What is Loss of Consortium?

April 20th, 2013 by Farhan Naqvi in Personal Injury

Let’s talk about sex.

Got your attention, right? You gotta admit: it’s a much better hook than "Let’s discuss loss of consortium."

The term loss of consortium is often used as a euphemism for sexual intercourse during the well-mannered and highbrow proceedings of a court case. But in reality, loss of consortium is like a good relationship: they’re both about more than just sex.

Loss of consortium also refers to other, non-sexual aspects of a marriage (or civil union, or domestic partnership, or common-law marriage) that serve to strengthen its bond, such as:

  • displays of affection like kissing or holding hands
  • going on dates or attending social gatherings together
  • offering advice and support when your partner has a problem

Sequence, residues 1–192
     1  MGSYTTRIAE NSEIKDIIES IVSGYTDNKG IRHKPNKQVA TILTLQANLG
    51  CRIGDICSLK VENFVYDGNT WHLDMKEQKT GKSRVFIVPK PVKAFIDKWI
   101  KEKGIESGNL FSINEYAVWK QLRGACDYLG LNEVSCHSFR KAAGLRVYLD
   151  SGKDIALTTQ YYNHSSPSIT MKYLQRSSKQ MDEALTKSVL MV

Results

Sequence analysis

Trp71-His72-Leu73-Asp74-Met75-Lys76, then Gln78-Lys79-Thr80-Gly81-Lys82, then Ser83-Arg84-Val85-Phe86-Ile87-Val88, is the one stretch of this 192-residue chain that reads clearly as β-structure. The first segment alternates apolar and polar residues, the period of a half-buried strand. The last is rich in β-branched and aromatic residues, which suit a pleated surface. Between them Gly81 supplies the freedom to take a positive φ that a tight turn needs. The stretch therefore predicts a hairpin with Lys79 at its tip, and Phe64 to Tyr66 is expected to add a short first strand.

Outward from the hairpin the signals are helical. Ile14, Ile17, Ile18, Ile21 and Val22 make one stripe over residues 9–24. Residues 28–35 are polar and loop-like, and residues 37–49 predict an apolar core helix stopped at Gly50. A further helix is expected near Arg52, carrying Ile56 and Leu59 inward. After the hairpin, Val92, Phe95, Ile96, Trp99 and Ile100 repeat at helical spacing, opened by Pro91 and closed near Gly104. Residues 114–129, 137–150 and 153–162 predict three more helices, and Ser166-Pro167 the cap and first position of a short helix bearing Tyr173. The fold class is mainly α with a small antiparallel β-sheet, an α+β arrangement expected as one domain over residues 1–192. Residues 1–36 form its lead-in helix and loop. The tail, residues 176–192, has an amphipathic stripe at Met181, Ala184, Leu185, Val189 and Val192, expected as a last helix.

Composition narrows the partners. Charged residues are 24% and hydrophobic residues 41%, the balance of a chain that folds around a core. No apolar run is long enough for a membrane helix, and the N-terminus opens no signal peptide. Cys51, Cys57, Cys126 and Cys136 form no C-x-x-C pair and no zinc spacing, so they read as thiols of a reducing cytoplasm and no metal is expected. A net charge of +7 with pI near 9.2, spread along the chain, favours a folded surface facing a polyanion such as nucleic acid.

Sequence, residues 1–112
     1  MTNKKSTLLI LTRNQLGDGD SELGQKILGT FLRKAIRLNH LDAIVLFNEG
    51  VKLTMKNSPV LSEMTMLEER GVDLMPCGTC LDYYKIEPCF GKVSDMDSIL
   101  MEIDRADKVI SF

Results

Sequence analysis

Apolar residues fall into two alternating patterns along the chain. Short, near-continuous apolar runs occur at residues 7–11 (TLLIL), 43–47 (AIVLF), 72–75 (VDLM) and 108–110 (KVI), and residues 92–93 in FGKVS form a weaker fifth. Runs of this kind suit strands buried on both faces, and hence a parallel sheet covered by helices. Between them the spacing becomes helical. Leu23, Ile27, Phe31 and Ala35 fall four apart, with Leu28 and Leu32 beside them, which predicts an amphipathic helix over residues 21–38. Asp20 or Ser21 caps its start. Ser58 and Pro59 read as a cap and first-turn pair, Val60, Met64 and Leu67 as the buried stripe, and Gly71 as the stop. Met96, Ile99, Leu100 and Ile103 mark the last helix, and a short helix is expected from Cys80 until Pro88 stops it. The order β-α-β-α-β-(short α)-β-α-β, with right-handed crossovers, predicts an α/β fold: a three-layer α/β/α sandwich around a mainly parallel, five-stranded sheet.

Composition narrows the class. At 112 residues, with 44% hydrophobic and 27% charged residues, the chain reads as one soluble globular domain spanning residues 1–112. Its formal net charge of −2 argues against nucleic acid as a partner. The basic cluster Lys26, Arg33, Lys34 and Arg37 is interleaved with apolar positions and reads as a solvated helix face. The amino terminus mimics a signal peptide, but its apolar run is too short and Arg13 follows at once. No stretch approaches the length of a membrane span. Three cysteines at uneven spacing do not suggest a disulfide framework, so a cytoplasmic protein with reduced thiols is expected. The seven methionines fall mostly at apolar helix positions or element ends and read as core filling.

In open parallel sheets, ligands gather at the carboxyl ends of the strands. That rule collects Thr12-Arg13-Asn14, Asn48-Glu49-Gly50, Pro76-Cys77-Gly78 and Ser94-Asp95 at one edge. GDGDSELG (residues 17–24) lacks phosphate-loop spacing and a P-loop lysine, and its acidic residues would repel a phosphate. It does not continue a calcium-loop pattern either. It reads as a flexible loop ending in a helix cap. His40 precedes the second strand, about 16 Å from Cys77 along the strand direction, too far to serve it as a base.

• listening to your partner complain about his/her stressful day
  • acting as a companion during your partner’s activities

So as an example, let’s take two hypothetical men who were passengers in a serious car crash caused by a drunk driver. One sustained a brain injury that quashed his libido and eliminated his desire for sex. The other sustained a traumatic brain injury that left him in a semi-vegetative state. The wife of the first man would be bereft of sexual intercourse; but the wife of the second man would be deprived of not only sexual intimacy, but also those other activities listed above. Both wives would be eligible for monetary damages for loss of consortium, but the second wife’s dollar amount would probably be much higher.

It should be noted that loss of consortium is not relevant to unattached or single people. Though they might be entitled to various other damages, loss of consortium would not apply because they do not have a serious, monogamous relationship with another person.

That’s your sex education loss of consortium lesson for today. Even if you don’t remember any of this information, you did learn another euphemism for sex. That’s invaluable instruction, right?


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